Iki – See you soon (Iki – Bis bald) by Florian Maubach

Florian Maubach documents his bicycle journey from Kassel, Germany, to the coast of Lithuania. In one minute twenty Maubach convinces us of his reverence for landscape, passion for adventure and artistic dynamism.

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The viewer adopts a satellite perspective while the surroundings immediately visible to the cyclist distort into a miniature globe. This frenetically changing sphere helps communicate the joy associated with propelling ones self across great distances.

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Further definition is added to his activities and various modes of transport through clear and simple sound design, avoiding the use of a narrator. For instance, his passage through the town of Palanga is punctuated by both the name appearing briefly across the skyline and a ringing of his bell. The visual emphasis placed on the movement of the sun and the moon helps abbreviate the passage of time in this very short film.

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In the final moments Maubach breaches the realism of his constructed universe by having the character jump up from the sea, cling on to the sun, plunging the world into darkness. It might be fair for one to assume this is a playful metaphor gesturing the traveller’s triumph over nature.  While this decision reduces the film’s authority as a descriptive document, its location at the very end minimises such an effect. As credits are bound to break all cinematic illusions, this filmmaker seems to have recognised an opportunity for conceptual freedom in the seconds beforehand.

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The 2012 student film, made at Kunsthochschule in Kassel, has screened at 14 festivals across Germany and the rest of Europe. I found the cheerful simplicity of concept and execution in this film resonant and refreshing.

‘Irish Folk Furniture’ by Tony Donoghue

Irish Folk Furniture [clip] (2012) from Alan Eddie on Vimeo.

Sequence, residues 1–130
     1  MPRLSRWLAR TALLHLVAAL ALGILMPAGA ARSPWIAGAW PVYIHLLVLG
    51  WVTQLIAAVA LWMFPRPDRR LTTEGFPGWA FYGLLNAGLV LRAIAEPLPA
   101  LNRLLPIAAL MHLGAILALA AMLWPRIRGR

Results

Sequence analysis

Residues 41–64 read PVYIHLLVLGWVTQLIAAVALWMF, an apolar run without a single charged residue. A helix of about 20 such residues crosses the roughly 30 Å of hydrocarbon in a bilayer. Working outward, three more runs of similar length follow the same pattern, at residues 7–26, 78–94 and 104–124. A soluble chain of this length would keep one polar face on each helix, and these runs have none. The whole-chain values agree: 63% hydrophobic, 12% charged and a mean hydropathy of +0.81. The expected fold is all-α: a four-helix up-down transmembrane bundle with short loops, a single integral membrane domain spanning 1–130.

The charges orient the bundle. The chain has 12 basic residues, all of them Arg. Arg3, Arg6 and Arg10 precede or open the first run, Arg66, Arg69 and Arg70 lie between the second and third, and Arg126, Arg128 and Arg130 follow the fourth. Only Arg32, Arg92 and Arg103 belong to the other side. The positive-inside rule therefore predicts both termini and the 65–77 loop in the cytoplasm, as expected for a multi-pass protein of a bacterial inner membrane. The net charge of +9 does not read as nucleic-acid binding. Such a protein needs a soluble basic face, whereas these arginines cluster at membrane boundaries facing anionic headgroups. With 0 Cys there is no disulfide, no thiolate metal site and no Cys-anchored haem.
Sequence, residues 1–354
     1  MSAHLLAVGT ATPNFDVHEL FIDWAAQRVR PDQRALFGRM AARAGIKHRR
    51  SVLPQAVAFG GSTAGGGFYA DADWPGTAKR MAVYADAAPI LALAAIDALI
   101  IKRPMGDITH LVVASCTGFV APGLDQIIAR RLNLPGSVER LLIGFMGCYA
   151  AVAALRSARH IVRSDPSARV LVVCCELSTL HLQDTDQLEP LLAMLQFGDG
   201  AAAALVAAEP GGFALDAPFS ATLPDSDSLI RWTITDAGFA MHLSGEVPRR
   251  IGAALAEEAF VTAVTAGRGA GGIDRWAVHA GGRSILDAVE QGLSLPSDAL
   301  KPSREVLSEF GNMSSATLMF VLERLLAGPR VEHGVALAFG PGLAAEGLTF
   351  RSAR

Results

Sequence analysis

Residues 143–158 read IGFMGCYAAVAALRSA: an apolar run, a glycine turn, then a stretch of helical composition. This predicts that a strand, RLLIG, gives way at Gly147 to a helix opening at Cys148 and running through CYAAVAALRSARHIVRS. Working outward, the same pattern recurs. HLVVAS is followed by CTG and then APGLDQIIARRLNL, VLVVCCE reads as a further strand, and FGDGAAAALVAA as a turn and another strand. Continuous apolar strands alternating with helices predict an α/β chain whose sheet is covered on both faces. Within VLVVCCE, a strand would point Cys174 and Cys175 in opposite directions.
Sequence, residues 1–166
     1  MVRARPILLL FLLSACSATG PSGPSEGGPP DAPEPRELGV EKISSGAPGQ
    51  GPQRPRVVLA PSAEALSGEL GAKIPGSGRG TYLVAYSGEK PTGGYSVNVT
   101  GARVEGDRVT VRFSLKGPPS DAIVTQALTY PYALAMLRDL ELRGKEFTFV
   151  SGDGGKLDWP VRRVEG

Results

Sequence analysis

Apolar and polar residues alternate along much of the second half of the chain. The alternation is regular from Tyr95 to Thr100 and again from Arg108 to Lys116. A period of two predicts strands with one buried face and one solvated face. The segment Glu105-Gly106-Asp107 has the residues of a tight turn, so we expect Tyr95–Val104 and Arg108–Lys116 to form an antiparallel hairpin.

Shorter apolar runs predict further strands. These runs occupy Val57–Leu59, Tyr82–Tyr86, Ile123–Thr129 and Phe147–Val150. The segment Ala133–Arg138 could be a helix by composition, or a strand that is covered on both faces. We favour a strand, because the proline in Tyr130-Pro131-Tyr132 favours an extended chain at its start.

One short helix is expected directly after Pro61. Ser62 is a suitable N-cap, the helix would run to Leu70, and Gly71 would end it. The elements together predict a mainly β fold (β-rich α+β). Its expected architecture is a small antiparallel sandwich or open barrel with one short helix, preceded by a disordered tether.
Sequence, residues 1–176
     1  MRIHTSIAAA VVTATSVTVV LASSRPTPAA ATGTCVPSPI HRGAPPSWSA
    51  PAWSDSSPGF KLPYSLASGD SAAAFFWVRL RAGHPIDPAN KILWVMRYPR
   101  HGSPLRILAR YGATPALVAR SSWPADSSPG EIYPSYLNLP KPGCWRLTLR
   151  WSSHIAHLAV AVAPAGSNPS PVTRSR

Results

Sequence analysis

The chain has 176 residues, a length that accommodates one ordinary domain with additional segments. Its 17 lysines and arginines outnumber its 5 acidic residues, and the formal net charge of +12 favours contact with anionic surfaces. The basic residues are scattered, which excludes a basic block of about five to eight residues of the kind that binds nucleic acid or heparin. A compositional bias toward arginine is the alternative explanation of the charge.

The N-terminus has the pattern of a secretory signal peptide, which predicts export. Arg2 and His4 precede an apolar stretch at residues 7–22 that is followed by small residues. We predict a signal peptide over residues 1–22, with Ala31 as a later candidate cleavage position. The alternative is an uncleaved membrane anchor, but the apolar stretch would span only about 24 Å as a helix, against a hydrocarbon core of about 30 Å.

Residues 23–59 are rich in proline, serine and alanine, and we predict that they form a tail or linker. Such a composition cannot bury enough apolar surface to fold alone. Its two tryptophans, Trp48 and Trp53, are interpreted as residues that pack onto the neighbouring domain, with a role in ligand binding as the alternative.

https://vimeo.com/59224188

We must have been busy with all sorts of of other things here at the blog (we have! – more soon) as it’s taken us a few months to catch up with this short which won the Short Film Jury Prize for Animation at Sundance this spring.

It has screened at many festivals, including Sheffield Doc/Fest this June, who described it thus:
“A strikingly beautiful stop motion animation exploring a local craftsman’s restoration of rural furniture in a small Irish community. Experimenting with the vivid expression of folklore storytelling, artifacts of bygone days are transformed from decaying neglect and brought to life, with playful vivacity.”

An interview with director Tony here:
http://irishamerica.com/2013/03/irish-folk-furniture-an-interview-with-tony-donoghue/

And various news reports here:

And here:
http://www.thejournal.ie/sundance-irish-folk-furniture-763455-Jan2013/

The film was funded by the Irish Film Board’s Frameworks scheme:
http://www.irishfilmboard.ie/funding_programmes/Frameworks/65

‘The Whale Story’ by Tess Martin

This is a story constructed from second-hand accounts of a phenomenal occurrence where a trapped whale seemed to express gratitude to its rescuers. The true account is condensed into the narrative of a single fisherman’s efforts to free the entangled creature.

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Scenes are painted and repainted on a wall in Seattle’s Cal Anderson Park. Most noticeably this technique restricts motion; carefully composed images are constructed and then adjusted. A second feature is the presence of residual marks, also noticeable in the works of animators such as William Kentridge and Blu.

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This is where an image is adjusted rather than replaced and attempts are made to mask previous drawing, although this is never fully erased. As a result the filmmaker must embrace, accept or incorporate the traces left behind. Particularly interesting marks are created when water is used, presumably to wash away previous layers of paint, resulting in a dilution and dribbling effect,suggesting an underwater environment.

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The film is filled with broken illusions; a pixillated actor gestures swimming while mounted on top of a stepladder. Our disbelief is suspended by a mere thread, but half of the charm of this film is the inclusion of such mechanisms. Unlike some more technically complex animations, here we are provided with evidence as to how the scenes were constructed. For example, we are made aware of the filmmaker’s surroundings where the grass and the unpainted wall are visible at the edge of the frame.